I continue to assert that this is not a bug.  The program is doing what it has been told to do, send email to all users that share that calendar file location, and that is root, toor and daemon.

Any administrator can and may alter these home directories and or /etc/aliases entries and anything one might do in calendar to address this reported problem very likely would cause probems with that.

Finally, this has been this way for a very long time and no one has complained or reported it which means it is very likely a none problem.
Comment 15 Greg Lehey freebsd_committer 2020-06-15 04:57:00 UTC
I've done a lot of thinking about this issue, and I tend to agree with rgrimes.  Arguably the -a option should be removed.  The big question is: what use is it?  It assumes that everybody on a system wants this feature, and that they don't have any special parameters.  I've been sending myself my calendar by mail with a cron job for decades now, and I have specific options that calendar -a couldn't address.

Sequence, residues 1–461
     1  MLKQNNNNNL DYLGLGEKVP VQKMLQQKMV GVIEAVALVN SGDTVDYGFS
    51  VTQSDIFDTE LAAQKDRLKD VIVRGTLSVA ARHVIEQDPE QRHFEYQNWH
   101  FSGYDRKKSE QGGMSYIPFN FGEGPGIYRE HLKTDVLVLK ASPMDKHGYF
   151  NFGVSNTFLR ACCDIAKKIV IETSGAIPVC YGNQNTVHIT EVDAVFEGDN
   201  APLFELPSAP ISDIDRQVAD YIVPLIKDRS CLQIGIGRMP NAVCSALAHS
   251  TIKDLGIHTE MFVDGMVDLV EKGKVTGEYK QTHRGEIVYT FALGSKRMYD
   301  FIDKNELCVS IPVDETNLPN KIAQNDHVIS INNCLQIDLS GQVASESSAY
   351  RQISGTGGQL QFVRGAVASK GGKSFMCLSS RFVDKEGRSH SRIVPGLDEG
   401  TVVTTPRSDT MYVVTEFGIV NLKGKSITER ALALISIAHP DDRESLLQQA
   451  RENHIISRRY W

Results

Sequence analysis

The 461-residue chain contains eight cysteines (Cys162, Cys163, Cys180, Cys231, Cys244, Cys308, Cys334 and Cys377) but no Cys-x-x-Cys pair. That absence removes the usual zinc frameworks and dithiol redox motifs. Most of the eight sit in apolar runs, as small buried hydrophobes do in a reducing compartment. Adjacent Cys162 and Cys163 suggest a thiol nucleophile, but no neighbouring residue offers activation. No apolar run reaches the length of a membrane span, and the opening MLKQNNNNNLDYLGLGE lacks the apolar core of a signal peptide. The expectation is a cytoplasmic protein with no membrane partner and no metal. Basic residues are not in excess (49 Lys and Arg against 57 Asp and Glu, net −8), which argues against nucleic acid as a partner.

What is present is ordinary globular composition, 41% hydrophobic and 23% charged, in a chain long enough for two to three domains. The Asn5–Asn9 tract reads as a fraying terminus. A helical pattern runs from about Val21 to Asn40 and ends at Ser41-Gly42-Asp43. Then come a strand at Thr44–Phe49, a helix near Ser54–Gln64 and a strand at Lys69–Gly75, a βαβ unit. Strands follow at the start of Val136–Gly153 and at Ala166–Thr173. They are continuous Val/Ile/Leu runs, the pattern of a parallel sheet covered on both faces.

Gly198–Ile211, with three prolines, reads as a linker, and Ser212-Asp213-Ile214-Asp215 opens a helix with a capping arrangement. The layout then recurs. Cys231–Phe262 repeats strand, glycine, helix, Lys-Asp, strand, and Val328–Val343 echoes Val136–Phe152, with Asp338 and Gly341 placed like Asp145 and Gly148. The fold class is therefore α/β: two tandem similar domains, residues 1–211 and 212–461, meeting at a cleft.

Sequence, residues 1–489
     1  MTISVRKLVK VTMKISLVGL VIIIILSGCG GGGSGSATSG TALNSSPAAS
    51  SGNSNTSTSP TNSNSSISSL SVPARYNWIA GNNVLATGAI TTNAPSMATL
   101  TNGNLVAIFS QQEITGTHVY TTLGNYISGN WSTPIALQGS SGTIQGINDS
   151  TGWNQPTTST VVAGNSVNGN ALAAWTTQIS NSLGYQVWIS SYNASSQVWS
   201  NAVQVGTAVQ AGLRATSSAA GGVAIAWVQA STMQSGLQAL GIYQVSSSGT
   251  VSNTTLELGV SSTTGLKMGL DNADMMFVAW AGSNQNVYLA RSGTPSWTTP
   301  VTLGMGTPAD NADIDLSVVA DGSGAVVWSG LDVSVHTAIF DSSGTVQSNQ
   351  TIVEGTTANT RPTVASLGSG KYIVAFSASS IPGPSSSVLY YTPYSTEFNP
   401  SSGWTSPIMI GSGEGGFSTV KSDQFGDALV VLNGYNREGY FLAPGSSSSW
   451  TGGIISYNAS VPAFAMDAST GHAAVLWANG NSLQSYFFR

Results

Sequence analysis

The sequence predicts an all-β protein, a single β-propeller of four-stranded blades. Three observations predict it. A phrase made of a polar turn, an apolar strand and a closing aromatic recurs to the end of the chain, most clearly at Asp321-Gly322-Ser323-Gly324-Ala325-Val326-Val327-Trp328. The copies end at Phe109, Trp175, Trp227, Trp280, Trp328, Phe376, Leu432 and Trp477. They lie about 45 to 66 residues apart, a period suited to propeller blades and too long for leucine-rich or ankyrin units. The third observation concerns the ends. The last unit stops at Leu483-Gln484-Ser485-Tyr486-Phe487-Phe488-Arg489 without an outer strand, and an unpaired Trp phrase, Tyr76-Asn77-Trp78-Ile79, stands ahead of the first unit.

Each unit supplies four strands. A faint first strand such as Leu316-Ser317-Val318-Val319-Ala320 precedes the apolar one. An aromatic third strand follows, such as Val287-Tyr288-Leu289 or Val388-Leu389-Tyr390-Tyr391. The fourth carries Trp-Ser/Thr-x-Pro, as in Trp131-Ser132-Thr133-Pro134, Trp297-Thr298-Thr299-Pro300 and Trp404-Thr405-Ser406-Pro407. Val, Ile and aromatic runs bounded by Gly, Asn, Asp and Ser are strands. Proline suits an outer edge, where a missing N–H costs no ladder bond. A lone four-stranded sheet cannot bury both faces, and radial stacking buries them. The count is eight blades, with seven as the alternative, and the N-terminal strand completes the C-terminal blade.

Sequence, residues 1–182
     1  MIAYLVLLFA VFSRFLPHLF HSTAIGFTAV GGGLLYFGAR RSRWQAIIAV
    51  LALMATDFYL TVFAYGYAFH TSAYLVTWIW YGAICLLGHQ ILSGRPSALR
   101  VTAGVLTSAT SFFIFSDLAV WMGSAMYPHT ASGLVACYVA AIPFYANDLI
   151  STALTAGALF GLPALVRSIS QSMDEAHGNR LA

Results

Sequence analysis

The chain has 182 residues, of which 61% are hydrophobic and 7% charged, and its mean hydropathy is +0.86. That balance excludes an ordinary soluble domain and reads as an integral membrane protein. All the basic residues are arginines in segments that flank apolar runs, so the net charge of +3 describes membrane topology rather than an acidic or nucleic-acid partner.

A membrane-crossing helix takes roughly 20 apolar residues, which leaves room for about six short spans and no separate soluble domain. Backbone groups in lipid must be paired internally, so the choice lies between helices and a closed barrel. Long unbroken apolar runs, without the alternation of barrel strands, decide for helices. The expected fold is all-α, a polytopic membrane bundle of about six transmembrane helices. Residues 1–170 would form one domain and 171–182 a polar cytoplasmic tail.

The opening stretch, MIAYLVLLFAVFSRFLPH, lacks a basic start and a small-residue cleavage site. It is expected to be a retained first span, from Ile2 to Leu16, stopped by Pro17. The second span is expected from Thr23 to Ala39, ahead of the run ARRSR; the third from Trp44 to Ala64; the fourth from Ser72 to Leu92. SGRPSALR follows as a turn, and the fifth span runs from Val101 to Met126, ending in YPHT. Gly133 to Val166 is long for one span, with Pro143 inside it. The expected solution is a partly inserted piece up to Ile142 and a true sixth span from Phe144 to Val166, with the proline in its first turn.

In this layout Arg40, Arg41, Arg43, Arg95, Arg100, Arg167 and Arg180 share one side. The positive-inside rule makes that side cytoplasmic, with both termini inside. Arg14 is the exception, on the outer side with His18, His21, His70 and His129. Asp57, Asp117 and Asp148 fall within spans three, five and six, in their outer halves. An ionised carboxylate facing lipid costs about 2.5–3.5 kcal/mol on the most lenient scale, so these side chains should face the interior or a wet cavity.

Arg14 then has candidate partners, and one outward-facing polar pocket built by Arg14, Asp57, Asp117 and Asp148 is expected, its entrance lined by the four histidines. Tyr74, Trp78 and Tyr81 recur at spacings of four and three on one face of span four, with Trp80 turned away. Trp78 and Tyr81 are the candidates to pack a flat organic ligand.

Clearly we're not going to remove it, but we should address POLA.  How about this in the man page?

     -a      Process the ``calendar'' files for users found in /etc/passwd and
             mail the results to them.  This can result in multiple messages
             for specific files, since /etc/passwd does not require home
             directories to be unique.  In particular, by default root, toor
             and daemon share the same home directory.  If it contains calen-
             dar information, calendar will process the file three times.
             This requires super-user privileges.
Comment 16 Rodney W. Grimes freebsd_committer 2020-06-15 12:38:15 UTC
(In reply to Greg Lehey from comment #15)
Documenting the behavior would be good.  Also one can not that most "modernish" email clients have the ability to de-duplicate mail, which is probably the better place to solve this particular corner case.
Comment 17 Warner Losh freebsd_committer 2020-06-15 16:01:32 UTC